December 14, 2017
July 2008 | Vol. VII - No. 7
Webkinz Chicken “Coming Home to Roost”
Retailers’ Love-Hate Relationship With Ganz Darkens
I have a lot of friends among small toy retailers. I sold to them when I ran a toy company in the late ‘90s, and always felt that many large manufacturers were taking advantage of them just because they were small. After all, what will a mom-and-pop shop do if unhappy — bite my ankles?
On December 10, 2007, I reported on my website [www.klosterstrading.com, Reports and Insights] that:
Ganz has a somewhat mixed reputation with these small retailers anyway for two reasons – Ganz is forcing them to buy non-Webkinz merchandise from them before they ship Webkinz; and they stipulate that any cancelled order attracts a fine for 50% of the value of the amount cancelled. This apparently even applies if goods ordered for Christmas cannot be shipped in time but only after Christmas. One retailer told me that Webkinz shipment record was at best very spotty.
Now, among various threats of legal action, and lawsuits filed last year, another store has decided to do something about that. Nuts for Candy, a sole proprietorship in Burlingame, Calif., filed a class-action suit against Ganz last month, arguing that the company’s policy of requiring retailers to order $1,000 worth of its non-Webkinz “core” line in order to then apply to become a Webkinz plush seller — with no guarantee of becoming an authorized Webkinz retailer despite having fulfilled the necessary minimum order, according to the suit — violates the Sherman Antitrust Act and the Clayton Antitrust Act. The lawyers representing Nuts for Candy in this suit are Cotchett, Pitre & McCarthy, Burlingame, Calif.
I decided to look more closely into this. First, I emailed 20 small toy retailers, friends of mine, asking them what they thought. I also sent an email to Mr. Ganz, and did not receive a response. However, the retailers did answer my request and were all very critical of how Ganz had treated them.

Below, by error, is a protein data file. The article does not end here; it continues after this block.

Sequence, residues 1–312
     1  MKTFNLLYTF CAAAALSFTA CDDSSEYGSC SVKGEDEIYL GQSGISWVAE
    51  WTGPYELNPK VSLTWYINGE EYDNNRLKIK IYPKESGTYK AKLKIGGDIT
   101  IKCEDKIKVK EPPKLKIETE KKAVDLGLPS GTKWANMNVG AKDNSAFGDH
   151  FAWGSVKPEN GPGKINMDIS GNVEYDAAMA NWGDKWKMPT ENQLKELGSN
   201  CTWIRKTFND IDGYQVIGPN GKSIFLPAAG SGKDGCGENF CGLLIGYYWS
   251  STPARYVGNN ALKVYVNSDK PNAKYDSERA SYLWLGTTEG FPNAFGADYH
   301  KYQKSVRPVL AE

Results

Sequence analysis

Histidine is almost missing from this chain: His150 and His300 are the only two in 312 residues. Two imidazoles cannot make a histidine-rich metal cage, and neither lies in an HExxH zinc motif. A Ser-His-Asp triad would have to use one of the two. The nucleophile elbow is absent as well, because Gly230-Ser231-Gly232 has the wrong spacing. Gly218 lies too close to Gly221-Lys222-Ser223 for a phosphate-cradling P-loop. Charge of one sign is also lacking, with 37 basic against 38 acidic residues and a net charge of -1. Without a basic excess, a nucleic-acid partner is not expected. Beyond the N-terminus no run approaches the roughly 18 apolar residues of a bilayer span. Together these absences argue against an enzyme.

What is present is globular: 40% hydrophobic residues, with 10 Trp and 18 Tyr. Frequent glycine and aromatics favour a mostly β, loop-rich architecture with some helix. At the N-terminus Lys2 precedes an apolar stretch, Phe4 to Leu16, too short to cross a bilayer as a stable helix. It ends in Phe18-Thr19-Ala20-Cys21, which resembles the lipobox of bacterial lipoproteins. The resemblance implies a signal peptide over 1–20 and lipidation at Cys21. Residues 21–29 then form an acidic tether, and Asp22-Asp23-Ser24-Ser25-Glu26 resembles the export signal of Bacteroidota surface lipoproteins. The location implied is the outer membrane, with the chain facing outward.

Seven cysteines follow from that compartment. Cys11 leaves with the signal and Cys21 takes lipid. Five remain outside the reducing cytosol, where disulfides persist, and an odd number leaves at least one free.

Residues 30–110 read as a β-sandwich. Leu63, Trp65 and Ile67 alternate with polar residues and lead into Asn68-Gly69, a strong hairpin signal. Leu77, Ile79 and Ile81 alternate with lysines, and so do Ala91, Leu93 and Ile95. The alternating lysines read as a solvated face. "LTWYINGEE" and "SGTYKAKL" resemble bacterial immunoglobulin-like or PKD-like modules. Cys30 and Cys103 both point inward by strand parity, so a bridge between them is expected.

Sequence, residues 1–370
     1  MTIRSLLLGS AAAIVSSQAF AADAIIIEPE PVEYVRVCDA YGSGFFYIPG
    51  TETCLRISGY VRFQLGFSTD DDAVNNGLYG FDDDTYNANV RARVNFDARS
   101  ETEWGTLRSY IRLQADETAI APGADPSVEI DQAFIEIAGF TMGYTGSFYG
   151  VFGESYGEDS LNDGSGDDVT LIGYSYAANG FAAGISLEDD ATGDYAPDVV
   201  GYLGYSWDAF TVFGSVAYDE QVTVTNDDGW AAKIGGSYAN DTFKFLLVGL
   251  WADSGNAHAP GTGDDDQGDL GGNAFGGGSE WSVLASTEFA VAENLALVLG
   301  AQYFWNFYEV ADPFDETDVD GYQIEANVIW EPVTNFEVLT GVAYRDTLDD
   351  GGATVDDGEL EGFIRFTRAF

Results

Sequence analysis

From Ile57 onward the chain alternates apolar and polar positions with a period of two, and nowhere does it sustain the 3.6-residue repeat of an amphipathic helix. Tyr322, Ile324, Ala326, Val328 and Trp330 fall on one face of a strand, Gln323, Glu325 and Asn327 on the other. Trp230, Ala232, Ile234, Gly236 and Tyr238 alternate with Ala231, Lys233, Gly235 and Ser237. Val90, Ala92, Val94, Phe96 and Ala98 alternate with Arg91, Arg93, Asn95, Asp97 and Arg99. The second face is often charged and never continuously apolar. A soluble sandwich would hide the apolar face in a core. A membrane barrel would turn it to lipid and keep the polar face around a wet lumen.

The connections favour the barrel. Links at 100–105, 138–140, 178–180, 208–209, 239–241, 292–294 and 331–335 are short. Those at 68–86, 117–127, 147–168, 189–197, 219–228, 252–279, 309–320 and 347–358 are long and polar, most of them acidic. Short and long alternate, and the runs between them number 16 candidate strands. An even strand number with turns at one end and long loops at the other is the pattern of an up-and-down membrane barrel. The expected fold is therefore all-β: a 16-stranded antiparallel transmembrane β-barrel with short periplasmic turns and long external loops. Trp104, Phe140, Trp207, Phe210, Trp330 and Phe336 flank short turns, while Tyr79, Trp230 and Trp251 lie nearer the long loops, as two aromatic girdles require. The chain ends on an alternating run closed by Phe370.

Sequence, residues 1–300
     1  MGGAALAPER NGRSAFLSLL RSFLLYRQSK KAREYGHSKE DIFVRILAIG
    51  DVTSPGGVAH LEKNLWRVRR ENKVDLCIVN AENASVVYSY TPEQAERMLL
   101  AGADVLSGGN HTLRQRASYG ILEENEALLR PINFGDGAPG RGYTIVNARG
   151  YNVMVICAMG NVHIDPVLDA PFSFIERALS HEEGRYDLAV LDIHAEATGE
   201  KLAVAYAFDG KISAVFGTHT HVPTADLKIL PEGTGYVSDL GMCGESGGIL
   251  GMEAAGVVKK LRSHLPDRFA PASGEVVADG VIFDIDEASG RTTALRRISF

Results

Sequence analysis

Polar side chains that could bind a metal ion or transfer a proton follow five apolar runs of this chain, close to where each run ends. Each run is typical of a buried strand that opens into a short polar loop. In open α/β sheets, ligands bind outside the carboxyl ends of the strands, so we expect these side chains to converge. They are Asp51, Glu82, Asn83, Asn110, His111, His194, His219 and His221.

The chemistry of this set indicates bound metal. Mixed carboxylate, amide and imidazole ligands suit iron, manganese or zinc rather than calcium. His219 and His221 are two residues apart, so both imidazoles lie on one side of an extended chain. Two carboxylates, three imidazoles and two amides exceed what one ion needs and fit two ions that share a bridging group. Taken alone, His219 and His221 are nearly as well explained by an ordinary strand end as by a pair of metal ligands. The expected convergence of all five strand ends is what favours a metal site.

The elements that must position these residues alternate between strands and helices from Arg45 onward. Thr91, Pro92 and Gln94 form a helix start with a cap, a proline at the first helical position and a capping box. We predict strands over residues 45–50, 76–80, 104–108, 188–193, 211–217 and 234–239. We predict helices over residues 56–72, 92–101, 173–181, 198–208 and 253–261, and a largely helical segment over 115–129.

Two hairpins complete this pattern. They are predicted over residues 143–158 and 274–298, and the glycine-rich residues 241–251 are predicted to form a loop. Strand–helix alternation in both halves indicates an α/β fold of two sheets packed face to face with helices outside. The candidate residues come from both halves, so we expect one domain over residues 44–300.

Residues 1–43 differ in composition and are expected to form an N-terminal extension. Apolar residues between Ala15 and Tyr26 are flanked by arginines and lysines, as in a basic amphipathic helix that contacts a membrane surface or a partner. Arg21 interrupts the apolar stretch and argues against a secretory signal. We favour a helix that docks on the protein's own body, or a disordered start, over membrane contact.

A well-known storeowner in California said this:
“When Webkinz were hot, Ganz chose to mistreat their customers, force them to buy other merchandise and treat their retail chain like dirt. Retailers were forced into positions that angered their customers. There is an incredible pool of ill-will and resentment that has built up. Ganz seemed to go out of their way to antagonize their retail partners.[Editor’s Note: Ganz, of course, denied strong-arm tactics.]
Now Webkinz are cooling off, Ganz is clearly overstocked. They’re offering free merchandise, discounting and trying to revive old models by offering special features. They are suddenly treating customers with respect, shipping on time and resolving issues as they arise. Unfortunately, it is too little and too late. The retailers have a choice of many vendors offering similar lines and will gleefully stop ordering from Ganz. Long time customers of Ganz will be lost and Ganz’ core merchandise sales will plummet. Their short-term strategy will have long-term consequences for the business.
No one wanted to sue while Webkinz were hot, for fear they would be cut off. I suspect there is already a line of thousands of retailers contacting the law firm suing Ganz.”
One of Ganz’s former sales reps also commented:
“Easily 7 out of 10 retailers I met with stated they were extremely dissatisfied with the Ganz Company, and were planning to drop them once the Webkinz Craze was over. Several retailers told me outright over the phone (as I was trying to book appts.), that they refused to do business with Ganz ever again.”
My retailer panel also shows a slowing of Webkinz. Those who still carry the product range report sales down in the double digits. [Editor’s Note: Roughly one-third of 62 retailers reported to TDmonthly Magazine in June that Webkinz is their best-selling plush item; several retailers did indicate declining sales, however. There has also been a drop-off in the number of children commenting on Webkinz-related TDmonthly articles.]
I looked at Web traffic on the premise that this is the crux of a virtual playground and hence measures success or failure for a Web-based business.
Web traffic skyrocketed from June 2006 to December 2007 when it hit a peak of over 7 million monthly visitors, but has clearly plateaued since then.
Google’s checkout trends show an even more negative picture.
First, the United States:
Secondly, the UK:
And lastly, the company’s home market, Canada:
There seems little doubt that the brand might be at the point of a real downturn. If that is indeed so, we have a classic case of chickens coming home to roost. As they say in corporate America, “Be careful whom you kick in the head on your way up the ladder, because he might stomp on your fingers on the way down.”
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